Looking at the night sky, it is easy to think that the universe is an endless dark sea. But what is the average color of the universe when you measure the visible light of all the shiny objects there?
Let’s get rid of that first: it’s not black.
“Black is not a color,” Ivan Baldley, professor at the Institute of Astronomical Physics at John Moores University in Liverpool, UK, told Live Science. “Black just has no detectable light.” Instead, the color is the result of visible lightCreated by, across the universe Interpreter When Galaxy, He said.
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In 2002, Baldry and Karl Glazebrook, eminent professors at the Center for Astrophysics and Supercomputing at Swinburne University of Technology, Australia, Astrophysics Journal It measured light from tens of thousands of galaxies and combined it into a singular spectrum representing the entire universe.
In doing so, the couple and their colleagues were able to calculate the average color of the universe.
Stars and galaxies Electromagnetic radiation, Divided into different groups according to the length of the transmitted waves. From shortest wavelength to longest wavelength, the group includes: Gamma rays, x-ray, Ultraviolet raysvisible light Infrared radiation, microwave When Radio waves..
Visible light occupies a small portion of the electromagnetic spectrum in terms of wavelength range, but it is all that can be seen with the naked eye. What we perceive as color are actually just the different wavelengths of visible light. The wavelengths of red and orange are long, and the wavelengths of blue and purple are short.
The visible spectrum of stars and galaxies is a measure of the brightness and wavelength of light emitted by stars and galaxies, which can be used to determine the average color of stars and galaxies, Baldley said. .
In 2002, Australia’s 2dF Galaxy Redshift Survey was the largest galaxy survey ever carried out at the time, capturing the visible spectra of over 200,000 galaxies from across the observable universe. By combining the spectra of all of these galaxies, Baldry and Glazebrook’s team were able to create a visible light spectrum that accurately represents the entire universe, known as the cosmic spectrum.
The comic spectrum “represents the sum of all the energies in the universe emitted at different wavelengths of light,” wrote Baldry and Glazebrook without separate peer review. Online paper In 2002 based on their findings. The spectrum of the universe, in turn, allowed them to determine the average color of the universe.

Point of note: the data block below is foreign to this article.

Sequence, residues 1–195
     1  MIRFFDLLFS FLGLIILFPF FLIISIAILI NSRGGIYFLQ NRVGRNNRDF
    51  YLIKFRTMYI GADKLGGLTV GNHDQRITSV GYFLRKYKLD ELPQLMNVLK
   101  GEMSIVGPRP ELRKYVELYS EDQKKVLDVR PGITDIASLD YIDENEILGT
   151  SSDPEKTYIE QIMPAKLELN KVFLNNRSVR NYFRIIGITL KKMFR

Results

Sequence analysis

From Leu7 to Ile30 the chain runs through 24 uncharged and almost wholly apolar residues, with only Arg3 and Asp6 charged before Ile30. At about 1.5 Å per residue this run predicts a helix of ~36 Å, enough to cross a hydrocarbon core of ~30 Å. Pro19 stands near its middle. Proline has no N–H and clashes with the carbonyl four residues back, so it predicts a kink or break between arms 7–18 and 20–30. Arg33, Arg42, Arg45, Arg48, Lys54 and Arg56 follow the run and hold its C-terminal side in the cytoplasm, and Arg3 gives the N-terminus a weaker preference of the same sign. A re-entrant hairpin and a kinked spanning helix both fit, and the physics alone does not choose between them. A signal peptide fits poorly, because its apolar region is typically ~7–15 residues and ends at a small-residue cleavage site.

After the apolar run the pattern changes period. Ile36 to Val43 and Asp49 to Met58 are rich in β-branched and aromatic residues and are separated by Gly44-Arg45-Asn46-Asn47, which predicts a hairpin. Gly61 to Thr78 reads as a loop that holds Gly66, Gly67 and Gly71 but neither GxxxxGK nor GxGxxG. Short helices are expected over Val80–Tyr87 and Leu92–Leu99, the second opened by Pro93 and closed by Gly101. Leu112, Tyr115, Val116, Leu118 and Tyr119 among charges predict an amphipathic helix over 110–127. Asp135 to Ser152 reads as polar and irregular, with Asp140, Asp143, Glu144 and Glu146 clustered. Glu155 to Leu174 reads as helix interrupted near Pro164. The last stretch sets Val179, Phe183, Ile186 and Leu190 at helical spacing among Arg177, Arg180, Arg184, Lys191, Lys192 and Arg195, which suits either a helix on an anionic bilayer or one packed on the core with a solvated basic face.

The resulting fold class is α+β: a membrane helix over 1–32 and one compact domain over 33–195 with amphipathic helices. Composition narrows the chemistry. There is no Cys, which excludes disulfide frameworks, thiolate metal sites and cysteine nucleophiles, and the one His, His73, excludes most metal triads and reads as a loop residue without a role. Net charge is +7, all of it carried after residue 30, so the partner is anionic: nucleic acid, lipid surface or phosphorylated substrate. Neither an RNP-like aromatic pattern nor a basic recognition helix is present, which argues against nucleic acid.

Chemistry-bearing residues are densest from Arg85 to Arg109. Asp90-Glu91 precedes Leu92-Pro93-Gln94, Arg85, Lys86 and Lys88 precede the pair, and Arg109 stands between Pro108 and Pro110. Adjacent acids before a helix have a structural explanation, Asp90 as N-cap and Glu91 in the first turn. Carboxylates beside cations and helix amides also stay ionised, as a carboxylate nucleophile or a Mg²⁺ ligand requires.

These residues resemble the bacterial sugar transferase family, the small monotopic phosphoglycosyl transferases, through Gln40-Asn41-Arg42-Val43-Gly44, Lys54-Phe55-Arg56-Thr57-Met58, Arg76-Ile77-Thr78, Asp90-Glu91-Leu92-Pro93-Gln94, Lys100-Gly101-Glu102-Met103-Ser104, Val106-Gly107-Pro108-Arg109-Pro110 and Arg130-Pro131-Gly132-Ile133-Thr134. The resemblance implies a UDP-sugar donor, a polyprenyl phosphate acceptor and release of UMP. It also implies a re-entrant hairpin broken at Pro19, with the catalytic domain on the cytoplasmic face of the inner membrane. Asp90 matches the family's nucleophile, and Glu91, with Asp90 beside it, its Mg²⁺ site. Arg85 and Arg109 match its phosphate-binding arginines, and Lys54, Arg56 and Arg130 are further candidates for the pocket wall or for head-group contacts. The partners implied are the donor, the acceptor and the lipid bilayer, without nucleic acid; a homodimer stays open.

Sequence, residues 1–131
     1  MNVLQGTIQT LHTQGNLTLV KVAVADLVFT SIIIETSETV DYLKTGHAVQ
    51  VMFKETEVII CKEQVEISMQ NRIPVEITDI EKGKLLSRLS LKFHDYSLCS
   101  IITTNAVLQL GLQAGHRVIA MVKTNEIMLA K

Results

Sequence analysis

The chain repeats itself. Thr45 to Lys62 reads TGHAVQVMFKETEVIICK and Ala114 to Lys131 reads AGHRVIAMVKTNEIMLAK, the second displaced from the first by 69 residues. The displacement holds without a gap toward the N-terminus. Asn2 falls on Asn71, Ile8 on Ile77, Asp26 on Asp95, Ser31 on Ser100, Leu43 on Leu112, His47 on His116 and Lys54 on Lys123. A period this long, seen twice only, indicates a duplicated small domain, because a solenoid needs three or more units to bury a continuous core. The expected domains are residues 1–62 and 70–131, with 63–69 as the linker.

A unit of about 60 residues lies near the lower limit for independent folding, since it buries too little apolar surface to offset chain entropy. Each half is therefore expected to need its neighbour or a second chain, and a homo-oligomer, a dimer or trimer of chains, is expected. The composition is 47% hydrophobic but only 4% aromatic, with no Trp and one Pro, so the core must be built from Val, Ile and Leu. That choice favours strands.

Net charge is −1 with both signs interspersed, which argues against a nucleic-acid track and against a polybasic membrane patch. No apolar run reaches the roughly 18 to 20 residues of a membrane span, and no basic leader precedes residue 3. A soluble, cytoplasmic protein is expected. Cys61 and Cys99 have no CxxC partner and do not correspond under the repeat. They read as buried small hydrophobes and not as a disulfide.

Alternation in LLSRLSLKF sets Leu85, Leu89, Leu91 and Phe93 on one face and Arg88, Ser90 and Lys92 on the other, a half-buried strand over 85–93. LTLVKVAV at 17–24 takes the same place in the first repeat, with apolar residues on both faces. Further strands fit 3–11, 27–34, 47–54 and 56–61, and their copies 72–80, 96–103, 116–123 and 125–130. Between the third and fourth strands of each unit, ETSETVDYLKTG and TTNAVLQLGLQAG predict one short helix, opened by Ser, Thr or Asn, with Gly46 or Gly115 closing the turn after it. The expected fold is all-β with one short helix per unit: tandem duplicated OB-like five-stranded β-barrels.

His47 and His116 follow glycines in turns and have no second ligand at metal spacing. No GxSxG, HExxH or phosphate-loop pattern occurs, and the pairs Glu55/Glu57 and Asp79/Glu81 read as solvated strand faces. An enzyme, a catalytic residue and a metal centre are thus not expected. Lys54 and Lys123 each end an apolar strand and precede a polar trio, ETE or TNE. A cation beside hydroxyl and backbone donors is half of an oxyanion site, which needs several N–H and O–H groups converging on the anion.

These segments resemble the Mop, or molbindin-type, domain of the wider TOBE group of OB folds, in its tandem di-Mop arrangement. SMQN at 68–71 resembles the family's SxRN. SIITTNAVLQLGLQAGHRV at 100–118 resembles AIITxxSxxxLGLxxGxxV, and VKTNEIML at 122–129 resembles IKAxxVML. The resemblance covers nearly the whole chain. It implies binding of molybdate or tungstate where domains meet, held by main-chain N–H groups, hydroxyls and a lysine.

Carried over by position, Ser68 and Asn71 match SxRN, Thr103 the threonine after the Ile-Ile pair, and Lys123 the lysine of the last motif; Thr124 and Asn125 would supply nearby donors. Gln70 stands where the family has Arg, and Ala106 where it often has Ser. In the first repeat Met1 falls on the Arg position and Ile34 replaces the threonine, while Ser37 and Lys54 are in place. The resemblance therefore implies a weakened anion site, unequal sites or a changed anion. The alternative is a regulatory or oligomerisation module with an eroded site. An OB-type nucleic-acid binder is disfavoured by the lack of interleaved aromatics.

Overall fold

The researchers used a color-matching computer program to transform the cosmic spectrum into a single color visible to humans, Baldley said.
our eye There are three types of photosensitive cones, each helping to perceive different ranges of wavelengths of visible light. This means that there are certain blind spots between these ranges where wavelengths of a particular color cannot be properly recorded, wrote Baldry and Glazebrook in their online journals. The color we see also depends on the standard of white light when we observe an object. For example, objects may look different in bright rooms than outside on a cloudy day.
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Nevertheless CIE color spaceCreated by the International Commission on Illumination in 1931 and used by the team’s computer models to compensate for visual limitations by assigning colors to the different combinations of wavelengths seen by a standardized human observer. to augment.
The team determined that the average color in the universe is a shade of beige, not far from white. This is a rather boring find, but it is surprising considering that white light is the result of the combination of all the different wavelengths of visible light and the cosmic spectrum contains such a wide range of lengths of light. wave. is not.
The new color was eventually named “Cosmic Latte” after a survey of the entire research team, based on the Italian word for milk. Other suggestions included the cosmico cappuccino. big Bang Primitive beige clam chowder.
Release the red shift
An important concept in the cosmic spectrum is that it represents cosmic light âoriginally envisioned,â Balrdy and Glazebrook wrote in their online journals. This means that it represents the light emitted throughout the universe, and not as it is visible to us. Earth today.
Like all waves, the light Doppler effect.. As the light stretches, its wavelength increases and its color shifts towards the red edge of the spectrum, known to astronomers as redshift. This means that the light we see is not the same color as when it was first emitted.
âWe have removed the effects of the redshift from the spectrum of the galaxy,â said Baldley. “So that’s the spectrum of the galaxy when they emit light.”
Therefore, the space lath is the color you see when you can look at the universe from above and see all the light from all the galaxies, stars and gas clouds at once, Baldley said. .
Originally published in Live Science.